Isn't life beautiful?

Sunday, September 2, 2007

Beautiful Things

An amazing pink and purple sunset, glimpsed between buildings and buses in an otherwise ugly city.

Kisses from the sweetest daughter on earth.

A husband who showers his wife with love.

Praise the Savior!

Thursday, August 30, 2007


What is it about packing for a trip that I find so draining? I have never enjoyed travel, which explains why God has placed us on the other side of the globe from our home country. ;-)

Today, I have been packing for a week in our host country's capital. Packing for 5 for a week is a practical challenge - just finding enough t-shirts for the kids that aren't (very) stained can take quite a while. This time, packing means gathering the basics of our homeschool as we can't afford a whole week off right now. It is also challenging because the trip takes 7-8 hours, so we must plan to keep children busy while in the van. Otherwise, boredom grows to petty fighting. Snacks are a big part of that plan.

No matter how easy or difficult the logistics, however, packing unnerves me. I find myself fatigued, grumpy, and worried. The sad part is that I probably could pack much more quickly and forget less if I was not fatigued, grumpy, and worried.

So, the question is, WHY?

I think some, maybe even most, of it stems from my need to be in control. I like things I can control. It is the unknown that I don't like. Piling into a van for an 8 hour trip with 3 kids in a country where toilets are - well - different, is still unpredictable, even after more than 6 years of doing it. Flat tires or other car trouble can lead to hours in a muddy field that doubles as a repair shop, surrounded by hundreds of onlookers, all craning their necks for a peek at the "foreigners." Even slow traffic inevitably leads to excess gawking. I don't tend to savor this process: endurance is all I'm striving for.

So where does that leave me. We are overseas for the foreseeable future, and these trips will always be a necessity. So I must learn to handle this differently. I must find a way to do more than merely survive, be it the trip, or any given day. Is it possible to find grace, even joy in things that in and of myself, I despise? Lord God, give me grace to travel, tomorrow, and always.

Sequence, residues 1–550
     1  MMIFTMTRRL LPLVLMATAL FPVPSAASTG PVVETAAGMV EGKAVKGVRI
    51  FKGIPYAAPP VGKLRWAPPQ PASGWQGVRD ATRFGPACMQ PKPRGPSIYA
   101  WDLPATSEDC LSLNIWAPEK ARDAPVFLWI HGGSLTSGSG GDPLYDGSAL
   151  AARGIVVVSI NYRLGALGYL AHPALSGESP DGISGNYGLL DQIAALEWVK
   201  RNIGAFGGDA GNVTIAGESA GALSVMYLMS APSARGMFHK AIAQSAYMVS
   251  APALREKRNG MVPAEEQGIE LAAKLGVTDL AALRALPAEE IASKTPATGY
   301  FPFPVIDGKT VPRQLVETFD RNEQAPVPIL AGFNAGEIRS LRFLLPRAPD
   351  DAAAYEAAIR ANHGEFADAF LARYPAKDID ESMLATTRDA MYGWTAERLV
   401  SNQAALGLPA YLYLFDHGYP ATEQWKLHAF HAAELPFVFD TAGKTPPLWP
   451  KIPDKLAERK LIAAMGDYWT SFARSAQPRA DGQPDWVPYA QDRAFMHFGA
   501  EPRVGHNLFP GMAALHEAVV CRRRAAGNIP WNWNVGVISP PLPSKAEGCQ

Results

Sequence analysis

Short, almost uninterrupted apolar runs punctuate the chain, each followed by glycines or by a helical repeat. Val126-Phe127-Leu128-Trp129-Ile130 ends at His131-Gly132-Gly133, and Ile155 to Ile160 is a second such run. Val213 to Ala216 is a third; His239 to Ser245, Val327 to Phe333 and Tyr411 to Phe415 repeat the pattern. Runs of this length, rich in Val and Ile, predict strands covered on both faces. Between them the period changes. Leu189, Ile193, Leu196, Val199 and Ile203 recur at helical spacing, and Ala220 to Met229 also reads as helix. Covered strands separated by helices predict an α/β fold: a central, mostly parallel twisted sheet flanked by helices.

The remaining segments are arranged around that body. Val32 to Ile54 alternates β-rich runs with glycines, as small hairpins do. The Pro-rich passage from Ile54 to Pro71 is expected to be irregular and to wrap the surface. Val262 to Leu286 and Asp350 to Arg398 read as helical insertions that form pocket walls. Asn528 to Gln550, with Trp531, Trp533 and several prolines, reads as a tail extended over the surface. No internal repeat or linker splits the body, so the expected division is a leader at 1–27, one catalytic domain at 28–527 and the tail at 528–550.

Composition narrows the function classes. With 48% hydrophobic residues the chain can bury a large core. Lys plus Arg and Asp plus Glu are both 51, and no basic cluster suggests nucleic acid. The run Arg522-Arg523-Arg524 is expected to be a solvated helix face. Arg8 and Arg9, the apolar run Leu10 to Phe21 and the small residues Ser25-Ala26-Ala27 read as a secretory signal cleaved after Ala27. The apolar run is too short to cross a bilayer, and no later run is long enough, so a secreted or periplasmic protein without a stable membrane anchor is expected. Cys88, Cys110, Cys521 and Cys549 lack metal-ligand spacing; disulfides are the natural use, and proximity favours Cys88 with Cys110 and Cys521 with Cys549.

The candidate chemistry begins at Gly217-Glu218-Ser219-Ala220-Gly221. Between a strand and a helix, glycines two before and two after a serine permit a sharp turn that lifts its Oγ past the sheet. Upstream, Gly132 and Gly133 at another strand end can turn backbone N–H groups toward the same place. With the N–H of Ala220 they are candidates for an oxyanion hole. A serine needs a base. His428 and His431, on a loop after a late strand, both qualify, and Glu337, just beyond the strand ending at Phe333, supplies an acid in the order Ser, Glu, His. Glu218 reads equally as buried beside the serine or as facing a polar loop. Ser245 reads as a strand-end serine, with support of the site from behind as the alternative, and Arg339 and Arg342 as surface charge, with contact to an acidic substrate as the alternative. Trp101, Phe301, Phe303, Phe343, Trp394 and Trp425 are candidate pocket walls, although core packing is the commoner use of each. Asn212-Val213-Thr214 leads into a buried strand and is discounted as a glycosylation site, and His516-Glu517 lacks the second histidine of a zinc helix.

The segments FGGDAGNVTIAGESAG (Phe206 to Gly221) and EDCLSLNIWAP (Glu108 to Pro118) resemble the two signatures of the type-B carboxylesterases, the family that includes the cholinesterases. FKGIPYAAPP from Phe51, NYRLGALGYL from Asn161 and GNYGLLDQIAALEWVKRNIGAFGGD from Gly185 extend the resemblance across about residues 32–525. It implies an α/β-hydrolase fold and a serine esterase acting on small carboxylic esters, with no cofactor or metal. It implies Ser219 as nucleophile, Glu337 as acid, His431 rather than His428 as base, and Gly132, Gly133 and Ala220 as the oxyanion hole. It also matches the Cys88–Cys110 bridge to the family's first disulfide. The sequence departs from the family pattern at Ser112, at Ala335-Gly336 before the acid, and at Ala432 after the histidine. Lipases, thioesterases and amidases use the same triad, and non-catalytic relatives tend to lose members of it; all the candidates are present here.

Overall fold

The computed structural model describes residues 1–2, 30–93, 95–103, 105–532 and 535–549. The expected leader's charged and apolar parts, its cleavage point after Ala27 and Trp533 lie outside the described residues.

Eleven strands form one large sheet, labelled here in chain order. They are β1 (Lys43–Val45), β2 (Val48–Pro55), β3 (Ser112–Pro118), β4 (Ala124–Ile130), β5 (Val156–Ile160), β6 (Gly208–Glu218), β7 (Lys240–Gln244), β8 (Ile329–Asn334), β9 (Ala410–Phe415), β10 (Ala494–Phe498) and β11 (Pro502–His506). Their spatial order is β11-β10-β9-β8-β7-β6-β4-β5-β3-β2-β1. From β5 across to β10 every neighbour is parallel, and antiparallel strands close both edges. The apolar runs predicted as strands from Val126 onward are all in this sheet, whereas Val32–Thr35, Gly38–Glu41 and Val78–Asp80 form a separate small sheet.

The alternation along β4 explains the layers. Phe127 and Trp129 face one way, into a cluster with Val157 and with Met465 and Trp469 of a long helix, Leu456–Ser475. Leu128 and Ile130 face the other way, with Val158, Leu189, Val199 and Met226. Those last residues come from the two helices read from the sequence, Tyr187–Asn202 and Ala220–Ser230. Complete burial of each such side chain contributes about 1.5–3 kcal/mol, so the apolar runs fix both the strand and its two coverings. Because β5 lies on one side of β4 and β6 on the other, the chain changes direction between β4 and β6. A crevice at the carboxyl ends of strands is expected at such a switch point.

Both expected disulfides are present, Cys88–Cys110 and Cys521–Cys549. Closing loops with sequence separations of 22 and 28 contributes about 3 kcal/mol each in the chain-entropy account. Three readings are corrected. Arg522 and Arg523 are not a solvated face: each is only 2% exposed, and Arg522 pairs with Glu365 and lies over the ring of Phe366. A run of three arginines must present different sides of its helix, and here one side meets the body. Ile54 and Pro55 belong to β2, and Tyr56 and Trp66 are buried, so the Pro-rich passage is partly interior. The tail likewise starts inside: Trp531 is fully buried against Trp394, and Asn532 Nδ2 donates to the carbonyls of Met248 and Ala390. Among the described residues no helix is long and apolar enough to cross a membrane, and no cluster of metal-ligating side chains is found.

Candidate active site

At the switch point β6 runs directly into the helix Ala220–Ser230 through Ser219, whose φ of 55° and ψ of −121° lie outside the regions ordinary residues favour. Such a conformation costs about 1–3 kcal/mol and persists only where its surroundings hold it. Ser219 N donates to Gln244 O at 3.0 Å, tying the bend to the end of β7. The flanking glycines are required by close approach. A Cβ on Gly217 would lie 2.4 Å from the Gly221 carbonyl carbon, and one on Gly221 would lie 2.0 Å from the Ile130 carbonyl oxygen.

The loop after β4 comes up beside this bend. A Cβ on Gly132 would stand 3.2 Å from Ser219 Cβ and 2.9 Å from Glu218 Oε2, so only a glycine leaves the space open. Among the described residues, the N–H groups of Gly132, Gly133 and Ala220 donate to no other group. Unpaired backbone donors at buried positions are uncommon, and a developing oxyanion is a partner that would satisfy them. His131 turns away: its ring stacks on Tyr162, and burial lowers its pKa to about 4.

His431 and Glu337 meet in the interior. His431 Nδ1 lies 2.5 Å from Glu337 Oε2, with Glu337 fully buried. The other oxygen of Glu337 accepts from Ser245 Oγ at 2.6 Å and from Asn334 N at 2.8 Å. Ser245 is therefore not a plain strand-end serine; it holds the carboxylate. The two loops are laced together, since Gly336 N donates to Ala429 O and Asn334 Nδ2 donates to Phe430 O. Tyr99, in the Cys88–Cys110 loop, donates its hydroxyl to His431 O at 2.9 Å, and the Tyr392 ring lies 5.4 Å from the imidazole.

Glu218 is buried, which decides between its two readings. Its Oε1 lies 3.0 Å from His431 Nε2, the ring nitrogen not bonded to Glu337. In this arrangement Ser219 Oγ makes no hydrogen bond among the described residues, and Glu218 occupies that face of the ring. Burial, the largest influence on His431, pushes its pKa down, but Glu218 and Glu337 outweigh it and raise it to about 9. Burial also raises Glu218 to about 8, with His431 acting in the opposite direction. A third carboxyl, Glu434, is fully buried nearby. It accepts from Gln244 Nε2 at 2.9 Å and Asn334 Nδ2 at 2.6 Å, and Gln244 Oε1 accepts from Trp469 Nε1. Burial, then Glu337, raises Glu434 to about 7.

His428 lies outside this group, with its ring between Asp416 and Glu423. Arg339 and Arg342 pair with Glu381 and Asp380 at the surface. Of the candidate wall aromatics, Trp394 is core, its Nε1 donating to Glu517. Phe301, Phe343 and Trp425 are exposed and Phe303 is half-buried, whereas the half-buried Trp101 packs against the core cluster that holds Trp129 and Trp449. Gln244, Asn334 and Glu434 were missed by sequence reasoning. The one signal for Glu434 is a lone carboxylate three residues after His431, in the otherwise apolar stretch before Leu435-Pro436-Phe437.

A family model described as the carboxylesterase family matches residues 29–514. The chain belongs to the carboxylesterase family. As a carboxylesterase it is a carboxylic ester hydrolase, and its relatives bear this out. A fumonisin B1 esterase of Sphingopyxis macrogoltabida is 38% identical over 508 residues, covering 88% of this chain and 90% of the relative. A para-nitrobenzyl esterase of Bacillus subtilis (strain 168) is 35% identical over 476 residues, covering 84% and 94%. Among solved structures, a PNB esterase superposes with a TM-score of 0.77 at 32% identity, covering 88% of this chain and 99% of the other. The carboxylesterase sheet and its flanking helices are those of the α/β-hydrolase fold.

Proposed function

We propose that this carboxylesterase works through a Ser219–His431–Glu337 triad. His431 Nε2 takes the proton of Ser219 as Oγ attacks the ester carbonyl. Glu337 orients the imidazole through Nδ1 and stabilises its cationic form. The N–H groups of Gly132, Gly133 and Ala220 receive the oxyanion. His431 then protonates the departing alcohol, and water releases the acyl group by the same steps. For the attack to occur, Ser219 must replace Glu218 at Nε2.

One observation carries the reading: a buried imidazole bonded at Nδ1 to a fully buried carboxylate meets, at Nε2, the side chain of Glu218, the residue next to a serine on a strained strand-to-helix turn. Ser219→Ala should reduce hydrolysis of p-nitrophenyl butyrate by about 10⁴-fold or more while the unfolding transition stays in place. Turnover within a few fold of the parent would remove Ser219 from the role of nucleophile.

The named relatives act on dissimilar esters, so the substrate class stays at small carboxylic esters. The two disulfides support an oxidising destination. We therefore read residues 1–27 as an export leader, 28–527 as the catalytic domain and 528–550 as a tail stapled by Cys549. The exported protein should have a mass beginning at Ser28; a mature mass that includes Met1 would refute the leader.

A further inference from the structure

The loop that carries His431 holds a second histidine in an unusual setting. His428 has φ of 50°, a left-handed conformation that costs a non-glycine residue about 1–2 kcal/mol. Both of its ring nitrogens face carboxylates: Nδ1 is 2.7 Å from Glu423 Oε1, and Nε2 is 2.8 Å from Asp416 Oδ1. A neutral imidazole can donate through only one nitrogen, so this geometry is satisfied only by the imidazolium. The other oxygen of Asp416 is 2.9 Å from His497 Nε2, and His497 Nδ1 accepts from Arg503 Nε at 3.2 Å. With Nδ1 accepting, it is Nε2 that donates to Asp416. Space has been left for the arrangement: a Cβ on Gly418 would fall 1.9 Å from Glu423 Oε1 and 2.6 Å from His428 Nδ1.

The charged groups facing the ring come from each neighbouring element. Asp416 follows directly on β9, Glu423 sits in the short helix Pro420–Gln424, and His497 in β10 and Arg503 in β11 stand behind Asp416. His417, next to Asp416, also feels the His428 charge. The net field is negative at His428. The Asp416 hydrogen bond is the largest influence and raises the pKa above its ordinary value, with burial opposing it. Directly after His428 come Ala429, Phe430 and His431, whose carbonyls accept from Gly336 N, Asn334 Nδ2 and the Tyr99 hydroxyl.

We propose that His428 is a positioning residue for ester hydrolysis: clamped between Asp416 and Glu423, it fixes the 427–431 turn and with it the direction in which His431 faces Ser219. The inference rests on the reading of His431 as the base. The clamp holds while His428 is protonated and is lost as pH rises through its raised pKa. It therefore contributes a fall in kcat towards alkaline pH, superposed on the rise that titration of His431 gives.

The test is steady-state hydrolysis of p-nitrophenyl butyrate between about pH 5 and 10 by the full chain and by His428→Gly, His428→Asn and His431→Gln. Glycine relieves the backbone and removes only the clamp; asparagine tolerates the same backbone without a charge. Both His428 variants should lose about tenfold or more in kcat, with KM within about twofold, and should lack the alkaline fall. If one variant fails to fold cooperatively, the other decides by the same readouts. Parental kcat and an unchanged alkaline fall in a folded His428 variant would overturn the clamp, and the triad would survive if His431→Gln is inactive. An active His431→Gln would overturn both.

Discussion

Tuesday, August 28, 2007

Grace in the Moment

Today, I've been noticing hair. I cut all the hair in our family that gets cut. Princess Grace is still awaiting her first trim, and my husband trims the split ends off my hair once or twice a year. But Bob and the boys all visit Sheri's Hair Salon - a.k.a. a chair, scissors and a trimmer in the living room with the carpet rolled back. Pop in a video for the littles and we are on our way.

Since before we were married, I have cut my husband's hair. At first, it was with great trepidation as I did not come from a home-hair cutting family. But after many years, it is routine. While the boys are squirmier, even cutting their hair is no problem these days.

But today, I was looking at Scholar's recently trimmed head and it reminded me that I needed to give the younger son the same attention: Boy Wonder had been busy playing and his golden locks were sweaty and looking wild. A glance at my husband told me that he is only about a week away from another session in the "itchy chair."

Suddenly, in the midst of my practicality, God broke in. The haircut status monitor faded away as I looked, really looked at the beautiful heads that God has placed in my life to care for. Such a small thing - to cut hair for my family - yet how significant that I have them to minister to in this simple way. And how grateful I am for the privilege.